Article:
During his only season at Ohio State, Greg Oden was a star center who was bound for NBA glory. He was simultaneously praised as the most NBA-ready center in years and mocked for his mature physical features.
In the five years since, Oden has struggled to stay on the court and out of trouble off it. Those who thought he would have a great NBA career, are now wondering if Oden was ever ready for the rigors of the NBA. A knee injury cost him his rookie season. Oden finally played in 2008. That season he also got a roommate, his veteran cousin from the Air Force.
"If you know anything about guys in the Air Force, it's that they drink a ton," Oden told Mark Titus, his former teammate at Ohio State. "My cousin got wrapped up in it too. When I played well, I'd drink to celebrate. And when I played poorly, I'd drink to forget. That second year in Portland I pretty much became an alcoholic."
The following season, a broken kneecap derailed Oden's career once more, just as he seemed to be improving his game at the NBA level. He has not played since the 2009-10 season, and his lack of playing time has caused the memories of Oden's once-dominant play to fade.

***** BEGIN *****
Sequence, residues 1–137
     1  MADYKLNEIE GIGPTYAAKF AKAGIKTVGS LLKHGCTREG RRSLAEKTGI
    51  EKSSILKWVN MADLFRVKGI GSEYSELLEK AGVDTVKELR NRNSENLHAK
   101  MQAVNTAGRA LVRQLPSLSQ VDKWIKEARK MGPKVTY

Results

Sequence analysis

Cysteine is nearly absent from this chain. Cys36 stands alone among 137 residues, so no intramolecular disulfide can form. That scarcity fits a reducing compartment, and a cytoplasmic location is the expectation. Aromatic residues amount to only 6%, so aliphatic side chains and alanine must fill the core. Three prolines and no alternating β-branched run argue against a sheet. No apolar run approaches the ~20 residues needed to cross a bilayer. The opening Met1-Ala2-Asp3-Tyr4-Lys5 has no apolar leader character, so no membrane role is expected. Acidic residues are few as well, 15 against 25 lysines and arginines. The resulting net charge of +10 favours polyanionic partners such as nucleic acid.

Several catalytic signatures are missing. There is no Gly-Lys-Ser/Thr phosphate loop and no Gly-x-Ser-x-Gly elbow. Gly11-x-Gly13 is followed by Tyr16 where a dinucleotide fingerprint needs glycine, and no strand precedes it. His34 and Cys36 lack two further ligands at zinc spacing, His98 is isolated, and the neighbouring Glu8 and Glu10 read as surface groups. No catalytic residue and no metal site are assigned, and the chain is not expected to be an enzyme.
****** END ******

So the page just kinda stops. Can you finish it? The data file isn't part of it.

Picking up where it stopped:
Now Oden, who was released by the Trail Blazers in March, is watching the players chosen immediately after him in the draft – Kevin Durant, Mike Conley, Jr., Al Horford, and others – have successful NBA careers.
Don't think for a minute that Oden feels sorry for himself. And don't think that he has any animosity toward other players in the 2007 draft, most notably Durant, the second overall pick and someone whose name will be forever linked with Oden's. Durant is a likely starter for this summer's Olympic team, and his career has been the exact opposite of Odens'. Make no mistake - Oden is fully aware of this.
"I'd be lying if I said it didn't suck to see Durant doing so well," he said. "Only because every time he had a good game in those first few years, I knew I was going to get a bunch of crap from all my haters. But that doesn't mean I dislike him as a person or anything like that. He's a good guy and one of the three best players in the league right now."
"That's the worst part about all of the injuries and the criticism. It would be one thing if I had been healthy for five years and just sucked when I was on the court. But I can't prove what I can do because I can't stay healthy. Not having control over the situation makes it tough," Oden said.
Oden plans to skip the 2012-13 season while working toward completing his degree at Ohio State. Then, he'll try to complete his comeback, if he's physically capable of doing so.